Notably, Walker has been about a five inning pitcher, but that was partially a function of the injuries. The same could also be said about his velocity dipping to the low 90s. On that point, Walker is a 28 year old pitcher reaching his prime, and he is a player who is another year away from injuries. It is very possible he is finally healthy again, and he is ready to pick up where his career left off before his first major injury.
Taijuan Walker, 96mph Fastball (foul) and 87mph Slider (Swinging K), Individual Pitches + Overlay pic.twitter.com/IUAc9lyxmF
— Rob Friedman (@PitchingNinja) April 8, 2021
Yesterday, Walker was throwing consistently in the mid to upper 90s. His average velocity was 95.4 MPH which is over 2 MPH faster than he threw last year. In fact, Walker hasn’t averaged 95 with his fastball since 2014. As noted by Michael Mayer of MMO, Walker hit 97 MPH with his fastball, a mark Walker had not hit in four years.
We also saw Walker was tighter with his release points. More than that, we saw Walker was able to get more spin on all of his breaking pitches. The end result was a pitcher who was more difficult to pick up. With him pitching like that, the Marlins went hitless through the first 4.1 innings, and when the Marlins did make contact, Walker generated weaker contact.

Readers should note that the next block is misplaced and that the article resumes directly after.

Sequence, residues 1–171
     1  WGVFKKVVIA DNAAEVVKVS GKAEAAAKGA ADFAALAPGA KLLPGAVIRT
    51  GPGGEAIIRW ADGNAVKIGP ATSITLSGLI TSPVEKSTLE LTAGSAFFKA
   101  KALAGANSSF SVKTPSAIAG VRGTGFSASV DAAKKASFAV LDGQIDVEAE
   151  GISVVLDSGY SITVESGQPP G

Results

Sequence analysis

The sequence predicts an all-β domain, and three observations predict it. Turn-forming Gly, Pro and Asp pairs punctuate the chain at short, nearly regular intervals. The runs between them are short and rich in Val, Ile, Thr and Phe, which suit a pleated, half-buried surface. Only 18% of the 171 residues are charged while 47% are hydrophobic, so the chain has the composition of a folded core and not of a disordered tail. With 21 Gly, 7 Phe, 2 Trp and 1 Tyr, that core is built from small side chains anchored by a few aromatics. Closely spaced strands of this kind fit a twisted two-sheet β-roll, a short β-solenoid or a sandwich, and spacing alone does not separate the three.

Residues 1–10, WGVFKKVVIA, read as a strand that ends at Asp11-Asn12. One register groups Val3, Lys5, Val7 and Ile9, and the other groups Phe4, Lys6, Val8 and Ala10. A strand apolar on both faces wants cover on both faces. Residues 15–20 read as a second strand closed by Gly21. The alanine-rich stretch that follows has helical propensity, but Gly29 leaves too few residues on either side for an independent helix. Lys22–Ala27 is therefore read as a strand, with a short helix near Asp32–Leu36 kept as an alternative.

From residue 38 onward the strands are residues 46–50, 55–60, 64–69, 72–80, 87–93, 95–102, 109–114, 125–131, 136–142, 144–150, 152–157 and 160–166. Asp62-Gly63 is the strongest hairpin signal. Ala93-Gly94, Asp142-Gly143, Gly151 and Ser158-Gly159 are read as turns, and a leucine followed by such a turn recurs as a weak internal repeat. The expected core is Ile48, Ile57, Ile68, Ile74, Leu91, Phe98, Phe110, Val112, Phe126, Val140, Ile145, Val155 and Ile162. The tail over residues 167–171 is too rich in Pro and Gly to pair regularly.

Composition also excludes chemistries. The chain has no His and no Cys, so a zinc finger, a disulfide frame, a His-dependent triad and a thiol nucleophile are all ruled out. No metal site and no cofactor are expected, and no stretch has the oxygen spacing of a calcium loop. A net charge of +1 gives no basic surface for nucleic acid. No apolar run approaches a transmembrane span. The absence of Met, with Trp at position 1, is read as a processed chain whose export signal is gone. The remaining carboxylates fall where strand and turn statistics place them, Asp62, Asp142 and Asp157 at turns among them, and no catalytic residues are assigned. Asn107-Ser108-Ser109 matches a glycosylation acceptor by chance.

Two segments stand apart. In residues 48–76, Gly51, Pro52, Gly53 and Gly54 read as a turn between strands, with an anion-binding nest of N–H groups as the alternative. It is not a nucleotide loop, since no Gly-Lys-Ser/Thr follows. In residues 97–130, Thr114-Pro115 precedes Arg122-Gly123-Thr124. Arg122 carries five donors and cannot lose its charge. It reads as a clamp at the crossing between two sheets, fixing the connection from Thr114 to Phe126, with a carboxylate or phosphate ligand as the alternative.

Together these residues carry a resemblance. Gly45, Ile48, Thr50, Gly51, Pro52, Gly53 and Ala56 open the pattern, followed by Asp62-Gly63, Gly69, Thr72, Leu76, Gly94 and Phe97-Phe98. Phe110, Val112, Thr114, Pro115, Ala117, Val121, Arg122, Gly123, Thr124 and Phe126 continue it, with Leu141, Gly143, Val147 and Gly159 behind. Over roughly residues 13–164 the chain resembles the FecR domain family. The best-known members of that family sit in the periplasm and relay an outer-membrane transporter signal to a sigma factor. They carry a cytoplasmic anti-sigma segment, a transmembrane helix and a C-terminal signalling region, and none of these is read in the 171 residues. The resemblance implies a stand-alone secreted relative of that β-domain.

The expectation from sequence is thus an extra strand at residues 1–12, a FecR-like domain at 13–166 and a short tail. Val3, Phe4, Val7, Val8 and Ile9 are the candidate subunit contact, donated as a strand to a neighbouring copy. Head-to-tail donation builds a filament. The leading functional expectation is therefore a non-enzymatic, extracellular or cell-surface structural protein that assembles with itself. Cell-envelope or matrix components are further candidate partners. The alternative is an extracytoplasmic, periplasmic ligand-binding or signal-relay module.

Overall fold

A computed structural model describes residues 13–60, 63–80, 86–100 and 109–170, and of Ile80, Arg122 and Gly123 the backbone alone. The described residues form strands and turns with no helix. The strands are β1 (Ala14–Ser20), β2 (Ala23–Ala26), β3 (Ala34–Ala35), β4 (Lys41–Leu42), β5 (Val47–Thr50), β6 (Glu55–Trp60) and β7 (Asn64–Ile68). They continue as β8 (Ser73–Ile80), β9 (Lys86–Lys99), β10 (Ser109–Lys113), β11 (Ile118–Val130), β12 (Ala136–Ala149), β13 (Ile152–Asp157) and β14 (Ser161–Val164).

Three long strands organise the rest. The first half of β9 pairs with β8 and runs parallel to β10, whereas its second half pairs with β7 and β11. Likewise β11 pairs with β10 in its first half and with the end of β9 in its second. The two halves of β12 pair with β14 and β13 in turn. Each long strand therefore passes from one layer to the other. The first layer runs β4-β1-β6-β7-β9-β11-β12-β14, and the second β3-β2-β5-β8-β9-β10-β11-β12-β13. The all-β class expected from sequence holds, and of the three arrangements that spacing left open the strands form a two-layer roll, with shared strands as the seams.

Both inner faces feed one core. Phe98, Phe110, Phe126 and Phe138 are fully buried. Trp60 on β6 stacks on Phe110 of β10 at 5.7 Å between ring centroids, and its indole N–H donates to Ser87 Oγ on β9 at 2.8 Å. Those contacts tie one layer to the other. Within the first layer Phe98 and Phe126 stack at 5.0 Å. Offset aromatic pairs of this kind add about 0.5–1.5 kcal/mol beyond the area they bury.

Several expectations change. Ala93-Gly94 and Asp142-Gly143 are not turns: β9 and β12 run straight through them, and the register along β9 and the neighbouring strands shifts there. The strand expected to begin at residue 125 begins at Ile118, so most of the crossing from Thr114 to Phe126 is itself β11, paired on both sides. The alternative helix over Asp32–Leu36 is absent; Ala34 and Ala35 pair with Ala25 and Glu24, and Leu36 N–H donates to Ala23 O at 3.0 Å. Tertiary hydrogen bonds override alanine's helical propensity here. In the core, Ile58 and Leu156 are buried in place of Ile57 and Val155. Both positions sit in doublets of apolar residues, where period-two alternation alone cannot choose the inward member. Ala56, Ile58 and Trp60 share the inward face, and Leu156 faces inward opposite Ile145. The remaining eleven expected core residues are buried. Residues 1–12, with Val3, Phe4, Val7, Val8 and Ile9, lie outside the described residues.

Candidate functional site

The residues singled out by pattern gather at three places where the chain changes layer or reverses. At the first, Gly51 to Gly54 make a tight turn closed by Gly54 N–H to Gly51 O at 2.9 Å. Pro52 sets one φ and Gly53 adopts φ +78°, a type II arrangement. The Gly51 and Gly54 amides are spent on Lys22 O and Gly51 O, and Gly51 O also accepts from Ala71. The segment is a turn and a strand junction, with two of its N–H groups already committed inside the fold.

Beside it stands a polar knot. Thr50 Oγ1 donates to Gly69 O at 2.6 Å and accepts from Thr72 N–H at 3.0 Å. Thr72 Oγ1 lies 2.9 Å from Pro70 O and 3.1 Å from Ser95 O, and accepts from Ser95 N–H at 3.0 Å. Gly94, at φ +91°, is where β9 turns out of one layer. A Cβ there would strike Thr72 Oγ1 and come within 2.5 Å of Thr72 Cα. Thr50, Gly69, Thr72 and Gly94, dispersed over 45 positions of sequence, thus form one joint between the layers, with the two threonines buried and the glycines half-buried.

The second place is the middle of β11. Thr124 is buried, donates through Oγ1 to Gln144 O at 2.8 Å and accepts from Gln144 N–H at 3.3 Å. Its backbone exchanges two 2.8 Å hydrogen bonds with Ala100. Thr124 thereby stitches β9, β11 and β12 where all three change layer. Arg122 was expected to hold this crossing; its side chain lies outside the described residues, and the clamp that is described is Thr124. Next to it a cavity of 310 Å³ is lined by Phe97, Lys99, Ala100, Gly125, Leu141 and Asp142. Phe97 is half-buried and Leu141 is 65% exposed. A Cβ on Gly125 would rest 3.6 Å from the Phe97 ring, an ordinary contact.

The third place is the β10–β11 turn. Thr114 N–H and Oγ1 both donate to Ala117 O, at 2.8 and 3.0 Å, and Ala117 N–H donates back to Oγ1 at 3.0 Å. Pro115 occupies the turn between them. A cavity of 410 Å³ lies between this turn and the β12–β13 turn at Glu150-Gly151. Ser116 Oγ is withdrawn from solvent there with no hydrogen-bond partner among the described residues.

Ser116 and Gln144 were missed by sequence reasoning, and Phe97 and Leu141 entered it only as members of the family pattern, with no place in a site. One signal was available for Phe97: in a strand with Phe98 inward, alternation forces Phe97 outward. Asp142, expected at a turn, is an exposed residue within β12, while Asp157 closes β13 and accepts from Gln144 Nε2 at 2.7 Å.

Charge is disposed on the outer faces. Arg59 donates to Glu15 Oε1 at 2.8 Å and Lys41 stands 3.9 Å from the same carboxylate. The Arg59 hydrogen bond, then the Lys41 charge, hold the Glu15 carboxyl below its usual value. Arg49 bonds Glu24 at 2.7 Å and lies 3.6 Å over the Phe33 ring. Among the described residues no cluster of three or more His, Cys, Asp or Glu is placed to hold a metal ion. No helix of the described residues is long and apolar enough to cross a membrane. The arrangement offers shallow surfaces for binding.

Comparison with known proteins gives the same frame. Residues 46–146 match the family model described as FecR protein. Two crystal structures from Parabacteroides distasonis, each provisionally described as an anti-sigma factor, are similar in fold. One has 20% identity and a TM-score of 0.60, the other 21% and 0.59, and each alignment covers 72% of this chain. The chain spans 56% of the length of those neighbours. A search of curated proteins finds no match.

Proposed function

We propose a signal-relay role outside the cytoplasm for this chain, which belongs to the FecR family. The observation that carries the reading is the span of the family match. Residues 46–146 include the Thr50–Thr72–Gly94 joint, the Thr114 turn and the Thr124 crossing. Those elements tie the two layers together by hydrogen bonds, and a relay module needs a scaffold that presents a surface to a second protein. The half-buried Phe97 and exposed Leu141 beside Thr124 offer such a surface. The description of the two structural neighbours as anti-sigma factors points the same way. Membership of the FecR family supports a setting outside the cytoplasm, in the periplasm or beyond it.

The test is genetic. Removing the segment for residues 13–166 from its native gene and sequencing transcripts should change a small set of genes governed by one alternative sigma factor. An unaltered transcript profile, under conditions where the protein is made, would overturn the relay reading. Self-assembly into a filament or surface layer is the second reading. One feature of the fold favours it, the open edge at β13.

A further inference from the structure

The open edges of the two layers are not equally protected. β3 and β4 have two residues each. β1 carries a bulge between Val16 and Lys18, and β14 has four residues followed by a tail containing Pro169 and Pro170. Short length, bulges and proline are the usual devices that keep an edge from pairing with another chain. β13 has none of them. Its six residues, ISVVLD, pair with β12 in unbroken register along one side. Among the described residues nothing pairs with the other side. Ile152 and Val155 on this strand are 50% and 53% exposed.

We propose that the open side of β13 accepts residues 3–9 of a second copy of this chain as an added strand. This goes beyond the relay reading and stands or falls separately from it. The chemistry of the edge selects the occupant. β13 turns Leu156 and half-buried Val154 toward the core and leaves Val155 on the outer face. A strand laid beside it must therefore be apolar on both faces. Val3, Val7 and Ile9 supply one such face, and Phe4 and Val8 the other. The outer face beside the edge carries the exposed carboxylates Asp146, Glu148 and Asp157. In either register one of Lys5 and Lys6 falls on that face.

This should come as no surprise for two reasons. First, as noted, he’s healthy. Second, as noted in an interview with Fangraphs, Walker has been working at Driveline to see how analytics could help make him a better pitcher. He used the analytics to hone his pitching and get the most out of his talent.
In terms of his first start with the Mets, we saw what health and increased work on his craft could do for him. The Walker we saw yesterday did not look like the back end of the rotation starter we all thought the Mets were getting when he signed a free agent contract. Rather, Walker looked like the top of the rotation pitcher many expected him to be when he was first called up to the majors.